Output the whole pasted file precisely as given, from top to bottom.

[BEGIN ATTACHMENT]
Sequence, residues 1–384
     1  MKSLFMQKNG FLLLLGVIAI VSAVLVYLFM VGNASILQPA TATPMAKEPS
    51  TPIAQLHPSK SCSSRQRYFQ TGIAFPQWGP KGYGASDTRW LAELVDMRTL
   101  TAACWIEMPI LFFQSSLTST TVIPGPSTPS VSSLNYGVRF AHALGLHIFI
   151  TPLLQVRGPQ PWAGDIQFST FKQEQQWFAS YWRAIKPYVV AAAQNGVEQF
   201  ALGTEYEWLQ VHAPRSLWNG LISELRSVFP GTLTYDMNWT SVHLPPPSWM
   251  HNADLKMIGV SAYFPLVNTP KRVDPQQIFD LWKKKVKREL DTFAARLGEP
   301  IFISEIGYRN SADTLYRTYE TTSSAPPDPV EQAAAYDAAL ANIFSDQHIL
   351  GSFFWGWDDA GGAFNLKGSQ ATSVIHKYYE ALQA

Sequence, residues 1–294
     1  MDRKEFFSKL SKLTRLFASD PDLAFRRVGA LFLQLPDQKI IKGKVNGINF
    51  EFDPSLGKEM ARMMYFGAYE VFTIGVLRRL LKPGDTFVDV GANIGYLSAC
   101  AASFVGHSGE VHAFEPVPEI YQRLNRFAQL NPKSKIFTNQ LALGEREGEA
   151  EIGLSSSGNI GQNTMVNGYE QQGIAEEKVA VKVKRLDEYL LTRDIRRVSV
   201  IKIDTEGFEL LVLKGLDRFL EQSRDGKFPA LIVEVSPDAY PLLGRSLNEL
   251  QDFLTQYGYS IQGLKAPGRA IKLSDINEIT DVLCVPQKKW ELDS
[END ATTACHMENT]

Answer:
Sequence, residues 1–384
     1  MKSLFMQKNG FLLLLGVIAI VSAVLVYLFM VGNASILQPA TATPMAKEPS
    51  TPIAQLHPSK SCSSRQRYFQ TGIAFPQWGP KGYGASDTRW LAELVDMRTL
   101  TAACWIEMPI LFFQSSLTST TVIPGPSTPS VSSLNYGVRF AHALGLHIFI
   151  TPLLQVRGPQ PWAGDIQFST FKQEQQWFAS YWRAIKPYVV AAAQNGVEQF
   201  ALGTEYEWLQ VHAPRSLWNG LISELRSVFP GTLTYDMNWT SVHLPPPSWM
   251  HNADLKMIGV SAYFPLVNTP KRVDPQQIFD LWKKKVKREL DTFAARLGEP
   301  IFISEIGYRN SADTLYRTYE TTSSAPPDPV EQAAAYDAAL ANIFSDQHIL
   351  GSFFWGWDDA GGAFNLKGSQ ATSVIHKYYE ALQA

Sequence, residues 1–294
     1  MDRKEFFSKL SKLTRLFASD PDLAFRRVGA LFLQLPDQKI IKGKVNGINF
    51  EFDPSLGKEM ARMMYFGAYE VFTIGVLRRL LKPGDTFVDV GANIGYLSAC
   101  AASFVGHSGE VHAFEPVPEI YQRLNRFAQL NPKSKIFTNQ LALGEREGEA
   151  EIGLSSSGNI GQNTMVNGYE QQGIAEEKVA VKVKRLDEYL LTRDIRRVSV
   201  IKIDTEGFEL LVLKGLDRFL EQSRDGKFPA LIVEVSPDAY PLLGRSLNEL
   251  QDFLTQYGYS IQGLKAPGRA IKLSDINEIT DVLCVPQKKW ELDS